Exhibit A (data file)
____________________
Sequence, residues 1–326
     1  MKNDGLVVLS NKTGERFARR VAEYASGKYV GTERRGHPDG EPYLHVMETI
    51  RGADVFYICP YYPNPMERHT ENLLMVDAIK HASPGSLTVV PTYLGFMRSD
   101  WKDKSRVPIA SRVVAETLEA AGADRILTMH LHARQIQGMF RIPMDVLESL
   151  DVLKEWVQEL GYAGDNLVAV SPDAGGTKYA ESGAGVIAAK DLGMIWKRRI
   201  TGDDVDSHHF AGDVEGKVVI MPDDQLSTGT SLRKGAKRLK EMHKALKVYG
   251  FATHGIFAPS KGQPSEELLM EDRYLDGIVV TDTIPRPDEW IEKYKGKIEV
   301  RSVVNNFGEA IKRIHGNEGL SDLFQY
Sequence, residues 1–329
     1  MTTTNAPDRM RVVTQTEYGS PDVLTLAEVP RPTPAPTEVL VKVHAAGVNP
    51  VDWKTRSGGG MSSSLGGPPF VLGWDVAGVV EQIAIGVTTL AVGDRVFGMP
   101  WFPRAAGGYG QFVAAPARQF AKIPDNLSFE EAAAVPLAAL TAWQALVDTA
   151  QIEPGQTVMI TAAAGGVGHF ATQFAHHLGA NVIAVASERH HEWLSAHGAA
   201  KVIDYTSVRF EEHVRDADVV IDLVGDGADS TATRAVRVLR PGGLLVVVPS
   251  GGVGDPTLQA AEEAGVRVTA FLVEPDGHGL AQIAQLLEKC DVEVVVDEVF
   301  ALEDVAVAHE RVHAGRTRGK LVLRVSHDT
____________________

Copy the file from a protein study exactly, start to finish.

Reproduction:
Sequence, residues 1–326
     1  MKNDGLVVLS NKTGERFARR VAEYASGKYV GTERRGHPDG EPYLHVMETI
    51  RGADVFYICP YYPNPMERHT ENLLMVDAIK HASPGSLTVV PTYLGFMRSD
   101  WKDKSRVPIA SRVVAETLEA AGADRILTMH LHARQIQGMF RIPMDVLESL
   151  DVLKEWVQEL GYAGDNLVAV SPDAGGTKYA ESGAGVIAAK DLGMIWKRRI
   201  TGDDVDSHHF AGDVEGKVVI MPDDQLSTGT SLRKGAKRLK EMHKALKVYG
   251  FATHGIFAPS KGQPSEELLM EDRYLDGIVV TDTIPRPDEW IEKYKGKIEV
   301  RSVVNNFGEA IKRIHGNEGL SDLFQY
Sequence, residues 1–329
     1  MTTTNAPDRM RVVTQTEYGS PDVLTLAEVP RPTPAPTEVL VKVHAAGVNP
    51  VDWKTRSGGG MSSSLGGPPF VLGWDVAGVV EQIAIGVTTL AVGDRVFGMP
   101  WFPRAAGGYG QFVAAPARQF AKIPDNLSFE EAAAVPLAAL TAWQALVDTA
   151  QIEPGQTVMI TAAAGGVGHF ATQFAHHLGA NVIAVASERH HEWLSAHGAA
   201  KVIDYTSVRF EEHVRDADVV IDLVGDGADS TATRAVRVLR PGGLLVVVPS
   251  GGVGDPTLQA AEEAGVRVTA FLVEPDGHGL AQIAQLLEKC DVEVVVDEVF
   301  ALEDVAVAHE RVHAGRTRGK LVLRVSHDT